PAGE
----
China offers helping hand for India's economic growth

China promised help for India's economic development yesterday, saying that the two Asian giants should not allow a simmering border dispute to affect their overall relations.

Beijing became the first major power to establish high-level contact with the two-week-old Bharatiya Janata Party (BJP) government, with Foreign Minister Wang Yi beginning a two-day visit as the special envoy of President Xi Jinping.

He held talks with his Indian counterpart Sushma Swaraj yesterday, and is due to meet Prime Minister Narendra Modi today.

The visit is more about symbolism. No significant announcements are expected about relations between the world's two most populous nations, which have burgeoning trade ties but also a decades-old border dispute.

"Foreign Minister Wang Yi said that economic development is something which China supports, the economic development of India is something that is supported by the Chinese government. It is good for the world and it is good for China, and they would look at the possibilities of expanding the economic cooperation between our two countries," said Mr Gautam Bambawale, a joint secretary in the Indian Foreign Ministry, after the meeting.

Indian Foreign Ministry spokesman Syed Akbaruddin said the talks were "useful", as there was an expansive engagement between the two foreign ministers within the first fortnight of the new government assuming office.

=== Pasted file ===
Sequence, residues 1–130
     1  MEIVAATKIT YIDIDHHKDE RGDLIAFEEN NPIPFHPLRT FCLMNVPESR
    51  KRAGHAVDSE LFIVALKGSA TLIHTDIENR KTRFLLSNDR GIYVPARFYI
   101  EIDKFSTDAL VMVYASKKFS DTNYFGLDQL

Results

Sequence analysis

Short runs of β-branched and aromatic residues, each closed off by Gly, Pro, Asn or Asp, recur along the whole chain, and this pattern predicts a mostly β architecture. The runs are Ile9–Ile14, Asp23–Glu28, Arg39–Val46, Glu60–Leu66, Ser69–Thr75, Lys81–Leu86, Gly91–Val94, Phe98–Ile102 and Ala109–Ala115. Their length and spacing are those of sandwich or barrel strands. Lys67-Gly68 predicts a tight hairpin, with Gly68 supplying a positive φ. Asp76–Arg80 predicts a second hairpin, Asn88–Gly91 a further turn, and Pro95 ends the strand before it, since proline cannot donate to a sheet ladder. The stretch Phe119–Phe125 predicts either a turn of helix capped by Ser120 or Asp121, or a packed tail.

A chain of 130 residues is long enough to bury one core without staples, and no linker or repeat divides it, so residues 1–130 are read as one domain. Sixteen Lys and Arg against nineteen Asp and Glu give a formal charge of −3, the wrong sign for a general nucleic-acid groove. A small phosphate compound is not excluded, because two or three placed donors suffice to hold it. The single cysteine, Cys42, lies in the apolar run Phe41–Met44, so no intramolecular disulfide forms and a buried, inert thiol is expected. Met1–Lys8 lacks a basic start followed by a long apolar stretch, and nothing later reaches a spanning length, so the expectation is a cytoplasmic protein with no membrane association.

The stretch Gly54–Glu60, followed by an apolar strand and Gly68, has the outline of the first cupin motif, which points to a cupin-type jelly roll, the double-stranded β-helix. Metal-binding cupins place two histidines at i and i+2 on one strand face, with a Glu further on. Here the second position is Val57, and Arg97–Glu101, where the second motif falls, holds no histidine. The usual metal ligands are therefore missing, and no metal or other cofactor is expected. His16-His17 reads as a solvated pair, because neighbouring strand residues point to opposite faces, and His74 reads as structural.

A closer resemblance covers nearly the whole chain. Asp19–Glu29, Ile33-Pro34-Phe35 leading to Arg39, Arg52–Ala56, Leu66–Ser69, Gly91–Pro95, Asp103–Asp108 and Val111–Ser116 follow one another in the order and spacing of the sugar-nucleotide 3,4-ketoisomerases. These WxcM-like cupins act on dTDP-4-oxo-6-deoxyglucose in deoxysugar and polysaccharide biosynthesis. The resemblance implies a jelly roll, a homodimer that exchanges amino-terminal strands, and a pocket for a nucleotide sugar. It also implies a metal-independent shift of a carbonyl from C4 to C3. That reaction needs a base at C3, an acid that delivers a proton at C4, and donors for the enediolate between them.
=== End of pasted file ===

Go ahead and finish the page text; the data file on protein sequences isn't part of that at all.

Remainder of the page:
Mr Modi, who won a decisive victory in last month's polls on promises to revive a flagging economy, is expected to focus on bridging a US$40 billion (S$50.1 billion) trade deficit with China, India's largest trading partner.

But Mr Modi and the fiercely nationalist BJP are also expected to stand their ground over the border dispute. Special envoys of the two countries have held more than a dozen rounds of talks in the last decade to resolve their differences over the Himalayan frontier without success so far.

Mr Akbaruddin described the row as a "perennial" problem of the India-China engagement. He said all perennial issues were discussed comprehensively, and in a frank and cordial manner.

In an interview with The Hindu newspaper published yesterday, Mr Wang said the "boundary question is indeed a difficult one".

"But with strong will and resolve, we will eventually find a solution. Even if we could not resolve it for the time being, we could at least manage it effectively, not allowing it to affect the normal development of our relations," he added.

Mr Bambawale said Mrs Swaraj spoke with Mr Wang on how to promote Chinese investment into India, including through establishing industrial zones or parks.

"One of the ways of correcting trade imbalance is for that country to invest in India," he said, adding that Mr Wang was receptive to Mrs Swaraj's suggestions.

Analysts said his visit was mainly about Beijing familiarising itself with the new government.

"The problem will arise if one of the transgressions of the Chinese army becomes public and critical," said Professor Srikanth Kondapalli of New Delhi's Jawaharlal Nehru University, referring to the incidents of Chinese troops crossing into disputed territory.

"If one of these become public, then the whole thing will go two steps backwards," he said, referring to the new engagement.

This article was first published on June 9, 2014.
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